One thing that I really enjoy about graphic memoirs is the metanarrative nature of the medium. When reading a prose autobiography, the author typically does not draw attention to the compositional aspects of the text. For example, with Benjamin Franklin’s autobiography, we know that he writes to his son; however, he does not refer to the writing of the text or the way he constructs it. Other autobiographies fall into forms, such as the conversion narrative or the captivity narrative in early American literature. Here, I’m thinking about John Marrant and Mary Rowlandson.
What makes graphic memoirs different from these other texts is the way that creators draw attention, specifically in more autobiographical works, to the constructed nature of the work. This occurs in Kristen Radtke’s Imagine Wanting Only This when she draws the photographs, having her pencil or eraser in the panel. It occurs in Craig Thompson’s Blankets at various points, and most noticeably at the end when Craig walks through the snow and contemplates about leaving a mark on the “blank surface.” In the actual context, the blank surface is the snow, but in the broader discussion, the blank surface becomes the page, the ink on paper.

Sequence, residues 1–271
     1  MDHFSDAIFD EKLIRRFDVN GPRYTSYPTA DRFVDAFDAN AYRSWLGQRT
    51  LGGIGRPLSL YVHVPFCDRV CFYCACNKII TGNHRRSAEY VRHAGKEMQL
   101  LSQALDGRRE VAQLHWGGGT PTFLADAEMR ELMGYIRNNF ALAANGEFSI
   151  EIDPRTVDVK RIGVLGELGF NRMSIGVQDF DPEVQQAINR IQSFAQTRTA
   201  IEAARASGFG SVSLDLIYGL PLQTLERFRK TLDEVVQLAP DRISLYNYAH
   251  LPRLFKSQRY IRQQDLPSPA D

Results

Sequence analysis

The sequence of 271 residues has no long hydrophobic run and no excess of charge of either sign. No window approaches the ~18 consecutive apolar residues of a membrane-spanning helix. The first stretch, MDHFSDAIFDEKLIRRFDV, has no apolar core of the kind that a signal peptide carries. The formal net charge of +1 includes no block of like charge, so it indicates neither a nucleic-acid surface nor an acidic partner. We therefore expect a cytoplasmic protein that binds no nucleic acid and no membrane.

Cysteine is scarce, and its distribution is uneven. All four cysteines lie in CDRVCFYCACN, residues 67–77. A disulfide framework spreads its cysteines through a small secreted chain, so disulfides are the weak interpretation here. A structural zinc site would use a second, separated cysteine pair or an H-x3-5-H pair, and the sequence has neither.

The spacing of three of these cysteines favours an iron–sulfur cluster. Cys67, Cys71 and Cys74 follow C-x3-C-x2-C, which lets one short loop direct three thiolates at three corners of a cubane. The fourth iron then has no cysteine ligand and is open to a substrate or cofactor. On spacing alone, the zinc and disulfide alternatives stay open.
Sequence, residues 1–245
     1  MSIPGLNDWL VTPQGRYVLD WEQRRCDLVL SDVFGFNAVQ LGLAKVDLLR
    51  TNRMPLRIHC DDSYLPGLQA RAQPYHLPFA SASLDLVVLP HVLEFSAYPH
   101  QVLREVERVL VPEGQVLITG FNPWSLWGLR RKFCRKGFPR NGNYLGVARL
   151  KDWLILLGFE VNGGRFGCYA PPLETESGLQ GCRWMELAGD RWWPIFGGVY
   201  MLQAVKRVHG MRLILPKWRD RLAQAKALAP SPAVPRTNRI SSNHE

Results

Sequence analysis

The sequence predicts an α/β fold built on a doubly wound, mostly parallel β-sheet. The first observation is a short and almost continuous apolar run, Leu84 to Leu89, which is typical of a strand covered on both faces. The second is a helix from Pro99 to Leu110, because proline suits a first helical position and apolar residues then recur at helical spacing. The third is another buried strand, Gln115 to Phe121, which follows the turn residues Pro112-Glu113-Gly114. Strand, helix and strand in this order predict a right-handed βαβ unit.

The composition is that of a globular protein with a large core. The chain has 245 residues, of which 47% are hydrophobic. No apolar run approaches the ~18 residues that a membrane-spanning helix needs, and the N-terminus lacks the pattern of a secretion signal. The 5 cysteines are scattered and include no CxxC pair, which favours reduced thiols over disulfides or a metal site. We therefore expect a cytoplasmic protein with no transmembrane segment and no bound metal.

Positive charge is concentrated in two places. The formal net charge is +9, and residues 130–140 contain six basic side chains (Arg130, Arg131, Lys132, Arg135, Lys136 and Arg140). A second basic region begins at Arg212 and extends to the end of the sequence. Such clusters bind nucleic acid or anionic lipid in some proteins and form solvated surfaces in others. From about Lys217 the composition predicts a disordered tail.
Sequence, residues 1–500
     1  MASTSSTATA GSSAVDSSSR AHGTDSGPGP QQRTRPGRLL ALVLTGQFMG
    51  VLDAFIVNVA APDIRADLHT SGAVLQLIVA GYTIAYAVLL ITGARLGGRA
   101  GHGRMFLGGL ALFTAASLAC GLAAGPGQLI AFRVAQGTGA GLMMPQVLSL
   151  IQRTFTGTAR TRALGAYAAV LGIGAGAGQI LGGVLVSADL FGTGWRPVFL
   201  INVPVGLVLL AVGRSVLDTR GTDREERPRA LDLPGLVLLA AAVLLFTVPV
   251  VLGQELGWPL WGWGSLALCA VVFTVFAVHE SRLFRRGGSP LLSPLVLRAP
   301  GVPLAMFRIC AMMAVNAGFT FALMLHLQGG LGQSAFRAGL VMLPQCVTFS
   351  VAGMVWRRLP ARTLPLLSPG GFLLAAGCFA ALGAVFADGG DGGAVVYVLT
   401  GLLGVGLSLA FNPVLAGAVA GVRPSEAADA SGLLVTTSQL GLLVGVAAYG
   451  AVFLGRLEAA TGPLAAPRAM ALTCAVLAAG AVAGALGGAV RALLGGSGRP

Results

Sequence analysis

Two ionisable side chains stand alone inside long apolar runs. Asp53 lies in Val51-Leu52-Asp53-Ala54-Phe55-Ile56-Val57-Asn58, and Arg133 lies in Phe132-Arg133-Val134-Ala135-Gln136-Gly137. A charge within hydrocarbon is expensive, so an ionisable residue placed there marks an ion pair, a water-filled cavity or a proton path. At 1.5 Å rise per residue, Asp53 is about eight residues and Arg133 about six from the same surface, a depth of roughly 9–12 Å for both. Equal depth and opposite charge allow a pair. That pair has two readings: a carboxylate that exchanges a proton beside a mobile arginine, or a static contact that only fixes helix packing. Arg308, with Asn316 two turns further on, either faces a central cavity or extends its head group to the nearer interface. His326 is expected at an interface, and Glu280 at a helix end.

Benjamin Stevens talks about this in “The Beautiful Ambiguity of Blankets: Comics, Representation, and Religious Art.” Thinking about the tensions between religious and secular art in Thompson’s work, Stevens asks, “What does it mean for an artwork to acknowledge its status as ‘mark’ or representation, i.e. to metanarrate itself as ‘only’ image?” While Stevens focuses here on religious and secular art, the overarching question applies to most graphic memoirs because many comment on themselves, drawing particular attention to the construction of the text in both its visual and textual form.